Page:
Music — The uncommon rock friendship of Rubyhorse

An Irish band makes its way in America

It’s common to hear bands say they’re different because they’re such good friends and would never let petty differences separate them, but it’s uncommon to see them prove it when push comes to shove.

Rubyhorse is such a band: the quintet—now all in their early 30s—have known each other since they were four years old, going to school together in County Cork, Ireland. Weaned by their parents on the Beatles, the Rolling Stones and Bob Dylan, and finding their own inspiration in the Cure, the Police, REM and U2, they started playing music together by the time they were 14, and they were opening for national acts in Ireland by the time they were 15.

“We were all immersed in music from a very young age,” said singer Dave Farrell, 31, by phone recently. “It was a bit of a blast back then to see these kids on stage. We got quite a good amount of press at a young age.”

Although they found success fast, Farrell admits that the band had a lot of maturing to do.

“It was terrible music, absolutely terrible music,” he said with a laugh.

But considering that they were already writing their own music, they should be granted some slack for at least trying to be original. And touring with the big acts proved to be a valuable training ground for the young band.

“It was great to be around all these musicians who toured the states and Europe,” Farrell said. “We started learning our trade.”

A couple years later the band changed their name to Rubyhorse to avoid copyright issues that arose over the name BFGs after they won a band competition in the early 1990s.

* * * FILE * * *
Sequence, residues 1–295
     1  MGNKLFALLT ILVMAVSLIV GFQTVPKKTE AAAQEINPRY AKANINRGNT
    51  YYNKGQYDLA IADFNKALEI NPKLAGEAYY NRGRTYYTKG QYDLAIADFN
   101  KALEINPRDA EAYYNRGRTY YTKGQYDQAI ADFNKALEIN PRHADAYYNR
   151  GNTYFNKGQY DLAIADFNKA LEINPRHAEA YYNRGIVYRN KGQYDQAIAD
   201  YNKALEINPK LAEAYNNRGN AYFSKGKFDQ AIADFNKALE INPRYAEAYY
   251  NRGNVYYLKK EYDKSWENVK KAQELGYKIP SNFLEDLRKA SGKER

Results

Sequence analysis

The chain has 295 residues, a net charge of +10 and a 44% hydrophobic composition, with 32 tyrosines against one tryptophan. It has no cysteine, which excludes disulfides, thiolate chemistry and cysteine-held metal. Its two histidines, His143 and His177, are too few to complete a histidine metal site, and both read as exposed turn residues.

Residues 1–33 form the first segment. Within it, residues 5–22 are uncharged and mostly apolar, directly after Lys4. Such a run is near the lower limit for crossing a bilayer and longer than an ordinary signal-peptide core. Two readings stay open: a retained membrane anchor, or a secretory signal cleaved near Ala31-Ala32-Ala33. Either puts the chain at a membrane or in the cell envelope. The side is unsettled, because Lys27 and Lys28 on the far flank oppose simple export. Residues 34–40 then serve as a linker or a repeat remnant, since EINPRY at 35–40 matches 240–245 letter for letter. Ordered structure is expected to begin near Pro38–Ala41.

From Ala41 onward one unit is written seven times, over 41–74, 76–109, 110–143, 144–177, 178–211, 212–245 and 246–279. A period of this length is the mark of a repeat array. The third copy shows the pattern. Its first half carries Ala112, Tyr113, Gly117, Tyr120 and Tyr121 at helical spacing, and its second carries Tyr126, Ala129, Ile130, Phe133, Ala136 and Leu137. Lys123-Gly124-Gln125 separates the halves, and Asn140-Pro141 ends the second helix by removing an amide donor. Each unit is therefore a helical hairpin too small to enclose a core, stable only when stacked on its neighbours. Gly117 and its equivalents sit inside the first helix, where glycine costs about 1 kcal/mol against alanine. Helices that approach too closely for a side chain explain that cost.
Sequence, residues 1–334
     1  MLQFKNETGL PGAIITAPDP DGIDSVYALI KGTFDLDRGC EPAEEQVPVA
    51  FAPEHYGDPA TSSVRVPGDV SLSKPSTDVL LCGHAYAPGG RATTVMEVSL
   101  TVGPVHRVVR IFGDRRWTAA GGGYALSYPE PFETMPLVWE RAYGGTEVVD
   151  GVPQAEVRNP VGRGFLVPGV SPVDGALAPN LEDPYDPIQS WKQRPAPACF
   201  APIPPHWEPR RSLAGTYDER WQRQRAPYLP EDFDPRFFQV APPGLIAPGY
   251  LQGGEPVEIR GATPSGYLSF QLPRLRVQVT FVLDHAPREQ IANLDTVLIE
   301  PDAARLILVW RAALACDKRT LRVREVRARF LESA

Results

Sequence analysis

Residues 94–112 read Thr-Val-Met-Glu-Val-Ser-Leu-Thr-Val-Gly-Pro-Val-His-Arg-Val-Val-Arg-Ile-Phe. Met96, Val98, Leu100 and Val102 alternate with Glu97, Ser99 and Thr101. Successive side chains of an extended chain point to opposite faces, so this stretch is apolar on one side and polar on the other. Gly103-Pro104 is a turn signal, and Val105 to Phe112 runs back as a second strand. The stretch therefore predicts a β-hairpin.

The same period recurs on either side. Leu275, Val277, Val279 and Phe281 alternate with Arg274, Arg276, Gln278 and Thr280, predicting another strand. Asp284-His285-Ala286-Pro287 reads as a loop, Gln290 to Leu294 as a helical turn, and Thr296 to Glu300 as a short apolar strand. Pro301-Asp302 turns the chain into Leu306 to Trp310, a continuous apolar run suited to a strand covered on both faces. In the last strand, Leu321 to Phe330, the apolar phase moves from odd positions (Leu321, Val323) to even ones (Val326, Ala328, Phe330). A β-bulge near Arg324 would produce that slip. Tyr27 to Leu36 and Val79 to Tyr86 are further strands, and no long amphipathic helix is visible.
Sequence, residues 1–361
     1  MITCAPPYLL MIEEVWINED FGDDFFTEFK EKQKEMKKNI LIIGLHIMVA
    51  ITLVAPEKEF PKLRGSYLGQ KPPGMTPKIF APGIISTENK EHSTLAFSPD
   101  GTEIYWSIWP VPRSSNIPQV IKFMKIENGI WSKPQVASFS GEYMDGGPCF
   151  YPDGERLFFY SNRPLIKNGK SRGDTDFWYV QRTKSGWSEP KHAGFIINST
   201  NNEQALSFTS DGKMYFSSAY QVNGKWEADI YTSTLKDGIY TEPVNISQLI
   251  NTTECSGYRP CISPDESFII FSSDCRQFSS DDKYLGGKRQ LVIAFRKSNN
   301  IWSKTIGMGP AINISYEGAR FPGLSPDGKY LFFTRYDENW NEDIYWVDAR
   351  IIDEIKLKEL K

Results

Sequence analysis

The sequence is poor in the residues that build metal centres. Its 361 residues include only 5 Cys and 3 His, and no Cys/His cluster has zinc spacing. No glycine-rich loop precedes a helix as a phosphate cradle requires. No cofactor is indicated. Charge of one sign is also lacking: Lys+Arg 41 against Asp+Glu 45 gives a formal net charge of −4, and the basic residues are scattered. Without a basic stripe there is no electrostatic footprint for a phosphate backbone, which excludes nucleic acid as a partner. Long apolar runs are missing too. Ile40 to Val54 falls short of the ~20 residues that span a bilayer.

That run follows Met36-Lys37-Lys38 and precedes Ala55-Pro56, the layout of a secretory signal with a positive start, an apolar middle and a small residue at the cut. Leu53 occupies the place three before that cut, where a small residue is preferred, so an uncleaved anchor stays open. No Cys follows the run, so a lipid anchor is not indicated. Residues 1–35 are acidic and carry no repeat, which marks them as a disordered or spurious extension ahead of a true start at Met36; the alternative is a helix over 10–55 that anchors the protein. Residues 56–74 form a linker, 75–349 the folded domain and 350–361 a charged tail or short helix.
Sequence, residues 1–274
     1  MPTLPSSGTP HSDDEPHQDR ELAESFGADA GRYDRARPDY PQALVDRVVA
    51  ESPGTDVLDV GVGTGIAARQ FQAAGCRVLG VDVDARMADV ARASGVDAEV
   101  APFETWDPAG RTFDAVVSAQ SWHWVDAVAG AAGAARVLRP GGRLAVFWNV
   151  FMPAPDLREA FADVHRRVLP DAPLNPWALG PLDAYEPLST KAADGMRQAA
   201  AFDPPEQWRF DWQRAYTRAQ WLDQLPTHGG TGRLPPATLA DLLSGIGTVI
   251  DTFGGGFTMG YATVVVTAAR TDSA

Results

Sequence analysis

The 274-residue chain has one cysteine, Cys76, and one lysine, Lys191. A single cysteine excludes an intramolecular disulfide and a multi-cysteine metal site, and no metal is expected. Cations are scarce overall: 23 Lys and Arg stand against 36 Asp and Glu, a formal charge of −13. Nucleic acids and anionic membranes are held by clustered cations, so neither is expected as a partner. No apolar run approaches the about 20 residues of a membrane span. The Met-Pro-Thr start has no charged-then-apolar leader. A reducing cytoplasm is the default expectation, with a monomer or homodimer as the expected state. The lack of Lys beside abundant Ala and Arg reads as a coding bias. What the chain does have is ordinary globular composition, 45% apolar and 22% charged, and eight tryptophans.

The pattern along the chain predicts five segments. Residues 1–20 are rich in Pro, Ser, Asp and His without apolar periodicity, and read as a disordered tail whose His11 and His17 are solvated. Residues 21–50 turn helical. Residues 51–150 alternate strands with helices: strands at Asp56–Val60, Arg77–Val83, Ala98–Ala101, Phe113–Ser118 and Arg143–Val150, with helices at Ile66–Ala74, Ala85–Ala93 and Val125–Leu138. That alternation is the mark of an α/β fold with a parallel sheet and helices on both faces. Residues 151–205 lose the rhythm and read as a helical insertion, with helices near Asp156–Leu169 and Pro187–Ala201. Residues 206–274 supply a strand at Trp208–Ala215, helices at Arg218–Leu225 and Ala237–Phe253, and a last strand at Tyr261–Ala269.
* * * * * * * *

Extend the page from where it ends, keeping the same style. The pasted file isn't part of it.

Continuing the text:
The band slowly matured, but it wasn’t until they moved to America in 1997 that they were literally forced to develop.

“I think from an artistic standpoint, the most influential stage for the band was when we moved to America,” Farrell said. “When we moved to the States we had nothing else to rely on—it was music or nothing.”

The multitude of clubs in their adopted home of Boston enabled the band to play two, three, four and sometimes five nights a week, an accelerated experience that would have been impossible in Ireland. Such an extreme change inevitably provided the band endless material to write about.

“That was the biggest progression for us,” Farrell said. “Suddenly, we had a lot more things to write about, because our lives changed drastically. That was the biggest change for us: to leave our families and friends behind and come to a new country, a new culture, and try to integrate. It affected us all enormously, and that in turn improved our songwriting.”

The difficult change was eased by the strong connection among the four band mates.

“Because we had that history and that friendship behind us, we each had someone to rely on and lean on when you needed it,” Farrell said. “It certainly tightened us as friends and as a band.”

The band had released one album while still in Ireland, and in 1999 they independently released How Far Have You Come? In 2002, they released Rise with Island Records and had the incredible experience of having the late George Harrison play slide guitar on their song “Punchdrunk.”

According to Farrell, Harrison’s manager passed the song, about their transition from Ireland to the States, along to Harrison, who then rang them up and asked if he could play on it. The band duly mailed a tape to Harrison in England and Harrison recorded his part and mailed it back to them in Miami, where they were recording. It was Harrison’s second-to-last recording.

“It was absolutely amazing,” Farrell said. “It was the greatest honor, and the greatest vindication that we’ve ever had as a band. They’re the things that keep you going when the shit hits the fan.”